The city finds themselves right back in a situation they would like to avoid. Last year the city made a concerted effort to help citizens avoid water cutoffs, yet here they are facing shutoffs to approximately 28,000 customers.
According to the Detroit Free Press, there are 73,000 active residential accounts with $47 million in bills that are two months behind. Unfortunately, despite the efforts, many customers have failed to move into good standing. Last June, when the issue became national news, there were more than 79,000 delinquent accounts owing $42 million. City officials said that an estimated 13,000 customers defaulted in November and December on payment plans designed to keep them out of delinquency.
With a regional water authority looming, it’s important for the water department to get their finances in order. However, with the shutoffs on the horizon, the water department faces another public relations nightmare – a repeat of last summer, when they drew national and international criticism from those who said clean water was a basic human right. City officials have acknowledged that the payment plans have not succeeded the way they would have liked.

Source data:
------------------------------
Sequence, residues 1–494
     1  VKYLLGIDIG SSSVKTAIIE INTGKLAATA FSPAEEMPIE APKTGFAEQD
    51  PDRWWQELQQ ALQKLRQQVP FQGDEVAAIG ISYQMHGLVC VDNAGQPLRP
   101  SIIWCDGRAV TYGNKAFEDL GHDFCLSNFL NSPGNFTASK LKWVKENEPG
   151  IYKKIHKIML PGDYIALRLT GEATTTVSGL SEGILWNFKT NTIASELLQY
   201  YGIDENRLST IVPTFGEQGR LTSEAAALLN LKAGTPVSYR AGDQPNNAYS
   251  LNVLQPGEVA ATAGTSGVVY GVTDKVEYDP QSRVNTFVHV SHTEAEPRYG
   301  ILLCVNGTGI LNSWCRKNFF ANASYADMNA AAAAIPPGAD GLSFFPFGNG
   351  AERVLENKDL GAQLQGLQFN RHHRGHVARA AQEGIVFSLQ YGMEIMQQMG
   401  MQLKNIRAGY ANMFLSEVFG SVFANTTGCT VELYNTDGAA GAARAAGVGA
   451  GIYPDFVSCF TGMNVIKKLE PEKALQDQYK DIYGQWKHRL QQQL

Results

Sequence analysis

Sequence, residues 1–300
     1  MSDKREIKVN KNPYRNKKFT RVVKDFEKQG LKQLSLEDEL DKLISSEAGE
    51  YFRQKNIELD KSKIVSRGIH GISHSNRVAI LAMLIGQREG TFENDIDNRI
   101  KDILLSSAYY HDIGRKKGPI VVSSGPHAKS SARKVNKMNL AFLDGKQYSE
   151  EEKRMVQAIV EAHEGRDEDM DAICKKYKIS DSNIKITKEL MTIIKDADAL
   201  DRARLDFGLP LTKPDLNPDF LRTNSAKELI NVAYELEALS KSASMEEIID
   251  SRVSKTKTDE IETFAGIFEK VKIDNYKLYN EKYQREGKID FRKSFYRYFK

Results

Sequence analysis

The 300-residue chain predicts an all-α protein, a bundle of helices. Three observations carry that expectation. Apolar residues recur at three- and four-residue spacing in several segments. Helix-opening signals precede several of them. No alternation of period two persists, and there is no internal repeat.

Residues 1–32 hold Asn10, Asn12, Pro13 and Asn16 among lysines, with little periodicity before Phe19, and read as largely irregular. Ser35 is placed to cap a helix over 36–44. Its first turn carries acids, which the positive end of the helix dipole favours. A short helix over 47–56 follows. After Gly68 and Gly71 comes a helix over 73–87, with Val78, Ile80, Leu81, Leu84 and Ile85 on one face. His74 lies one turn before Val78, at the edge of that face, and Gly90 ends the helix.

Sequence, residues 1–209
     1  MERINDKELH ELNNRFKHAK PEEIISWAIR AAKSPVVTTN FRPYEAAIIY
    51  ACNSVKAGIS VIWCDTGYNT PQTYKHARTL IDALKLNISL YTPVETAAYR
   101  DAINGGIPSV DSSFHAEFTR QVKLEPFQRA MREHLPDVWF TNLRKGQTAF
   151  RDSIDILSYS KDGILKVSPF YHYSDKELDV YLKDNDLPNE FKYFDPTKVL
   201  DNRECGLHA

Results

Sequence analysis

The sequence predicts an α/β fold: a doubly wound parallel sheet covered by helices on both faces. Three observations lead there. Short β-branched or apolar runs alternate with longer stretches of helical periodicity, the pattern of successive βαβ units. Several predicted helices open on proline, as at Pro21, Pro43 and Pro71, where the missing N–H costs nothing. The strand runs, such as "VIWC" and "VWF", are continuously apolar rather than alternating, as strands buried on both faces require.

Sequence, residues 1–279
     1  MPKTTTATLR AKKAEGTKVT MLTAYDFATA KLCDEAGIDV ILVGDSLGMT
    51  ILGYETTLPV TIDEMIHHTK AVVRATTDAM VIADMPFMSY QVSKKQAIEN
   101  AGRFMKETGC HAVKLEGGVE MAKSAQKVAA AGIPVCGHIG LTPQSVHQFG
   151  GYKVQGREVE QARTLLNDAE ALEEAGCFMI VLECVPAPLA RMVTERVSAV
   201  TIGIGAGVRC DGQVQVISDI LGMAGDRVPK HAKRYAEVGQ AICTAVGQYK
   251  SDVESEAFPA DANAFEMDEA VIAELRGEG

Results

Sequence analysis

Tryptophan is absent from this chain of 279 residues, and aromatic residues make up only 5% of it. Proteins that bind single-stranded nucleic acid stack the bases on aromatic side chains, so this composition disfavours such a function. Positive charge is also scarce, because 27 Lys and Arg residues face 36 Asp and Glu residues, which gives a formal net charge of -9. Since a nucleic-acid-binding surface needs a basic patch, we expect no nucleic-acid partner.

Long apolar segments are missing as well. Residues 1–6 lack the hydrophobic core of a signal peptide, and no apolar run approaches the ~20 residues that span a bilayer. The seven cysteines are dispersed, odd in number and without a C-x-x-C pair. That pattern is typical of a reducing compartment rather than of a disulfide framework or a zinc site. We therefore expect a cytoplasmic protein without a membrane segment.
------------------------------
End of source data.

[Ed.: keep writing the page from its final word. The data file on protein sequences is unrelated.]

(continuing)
“We’re cognizant that many Detroiters live in poverty, and we’ll do whatever we can to help them resolve those issues,” said Gary Brown, Mayor Mike Duggan’s group executive for operations, to the Free Press. “It’s not the financial help that’s lacking, but rather having a system in place to ensure they have access to all the services that are out there.”
The mayor has been unwavering that water service cannot be provided for free, without other citizens taking on the brunt of rising water cost. In the meantime, the administration continues to work on a program that will make it easier for residents to get on payment plans to get out of shutoff status. Roughly $6 million has been raised this summer and has been set aside to the Detroit Water Fund, designed to help low-income households across southeast Michigan.
“These assistance plans are Band-Aids. They are not a solution,” said Lynna Kaucheck, a senior organizer with Food & Water Watch who has closely monitored shutoffs in Detroit to the Free Press. “If you can’t afford to be on the assistance plan, it doesn’t matter if you know about it.”
Zack Burgess is an award winning journalist. He is the Director/Owner of OFF WOODWARD MEDIA, LLC, where he works as a writer, editor and communications specialist. His work can be seen at zackburgess.com. Twitter: @zackburgess1